Joel Ward's strong playoff run with the Nashville Predators has earned high praise from a fellow Scarborough native who now sits in the hockey broadcast booth.
"It's a great story. I'm so happy for him. I really am," NHL goalie-turned-analyst and former Scarborough resident Kevin Weekes, said in an interview.
"It's a great situation for him. I mean, the Predators are a team that gave him his first opportunity. Minnesota gave him an opportunity to play pro hockey... but Nashville's the organization that gave him his first real chance."
A former Don Mills Flyer, Ward, 30, didn't land a significant role on an NHL team until he was 27.
Despite being eliminated by the Vancouver Canucks last Monday, Ward and his Nashville Predators teammates reached the second round of the National Hockey League playoffs for the first time. Along the way, he led the Predators in scoring, collecting 13 points in 12 games.
Weekes, who like Ward is black, said Ward's breakthrough is all the more impressive considering he took a decidedly non-traditional path to the pros.
"Knowing the route that he's taken to get there... it was a long road and I can identify with that. There were a lot of challenges, certainly when you're making history playing a sport that traditionally, not that many visible minorities played."
"Just the fact that he's in that (top scorers) category is unbelievable. It's great for Nashville, they have a great story. It's good for Toronto, Scarborough and it's good for Barbados, too."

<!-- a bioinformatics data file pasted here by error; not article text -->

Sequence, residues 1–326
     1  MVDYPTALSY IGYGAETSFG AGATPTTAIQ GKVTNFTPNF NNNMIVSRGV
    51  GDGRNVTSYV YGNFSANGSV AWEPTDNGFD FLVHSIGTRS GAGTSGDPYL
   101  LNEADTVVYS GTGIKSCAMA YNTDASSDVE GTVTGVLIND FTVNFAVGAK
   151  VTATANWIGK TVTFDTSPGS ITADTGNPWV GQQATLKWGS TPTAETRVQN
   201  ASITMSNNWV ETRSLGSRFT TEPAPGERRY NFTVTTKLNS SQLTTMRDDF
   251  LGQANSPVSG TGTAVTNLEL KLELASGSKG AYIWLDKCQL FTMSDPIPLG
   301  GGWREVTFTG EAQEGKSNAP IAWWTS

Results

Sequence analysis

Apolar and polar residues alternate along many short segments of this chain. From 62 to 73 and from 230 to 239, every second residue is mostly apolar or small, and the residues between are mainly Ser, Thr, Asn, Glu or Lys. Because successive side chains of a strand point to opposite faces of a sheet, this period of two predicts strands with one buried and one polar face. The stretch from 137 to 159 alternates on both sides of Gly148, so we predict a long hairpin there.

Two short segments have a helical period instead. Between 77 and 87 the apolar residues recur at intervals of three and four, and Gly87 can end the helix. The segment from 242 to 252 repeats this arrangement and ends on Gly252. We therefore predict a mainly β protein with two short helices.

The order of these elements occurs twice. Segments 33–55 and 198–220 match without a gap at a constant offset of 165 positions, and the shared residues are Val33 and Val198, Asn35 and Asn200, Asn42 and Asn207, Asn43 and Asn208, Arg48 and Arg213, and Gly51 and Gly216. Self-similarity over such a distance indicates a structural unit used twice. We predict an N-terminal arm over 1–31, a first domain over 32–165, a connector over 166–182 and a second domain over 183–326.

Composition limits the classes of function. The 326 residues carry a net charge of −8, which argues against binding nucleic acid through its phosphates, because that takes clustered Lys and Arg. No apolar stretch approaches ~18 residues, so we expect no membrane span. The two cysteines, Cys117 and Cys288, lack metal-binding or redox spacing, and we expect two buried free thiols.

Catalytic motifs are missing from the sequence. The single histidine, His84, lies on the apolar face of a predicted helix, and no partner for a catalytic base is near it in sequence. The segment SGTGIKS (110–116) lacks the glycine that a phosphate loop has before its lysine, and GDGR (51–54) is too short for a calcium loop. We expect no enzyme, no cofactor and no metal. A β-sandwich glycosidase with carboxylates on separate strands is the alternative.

Weekes and Ward grew up in the Pharmacy and Finch area and both attended Chester Le Junior Public School, but their families knew each other from their home country of Barbados.
"I'm getting goose bumps talking about it," said Weekes as he remembered playing hockey as a youngster.
"When we were going to school, people would laugh at us. And I don't say people as in, the white population. We had a lot of people in the Caribbean community, the West Indian community that used to laugh at us, too, when we were playing. 'You guys are great athletes. What are you guys doing? Don't play hockey. Where are you guys gonna go? You guys aren't going to make the NHL. Why don't you guys run track, play basketball, play baseball?'"
Weekes and Ward have proved the critics wrong, but it's an on-going cycle.
"You don't stop proving yourself, especially for us as visible minorities in hockey," said Weekes.
He believes Ward will have a prominent role as an NHL player going forward.
"I definitely think that Joel can be a consistent 20-goal scorer. I think that he can get north of 20. But I think that he can be a 20-goal scorer in the right fit and the right environment and with the right ice time," he said.
"You saw what he was able to do in the post-season. That's reflective of the fact of two things. One, his role increased and then two, I think he was playing another three-and-a-half to four minutes per game. He was on the power-play. He's been getting different looks."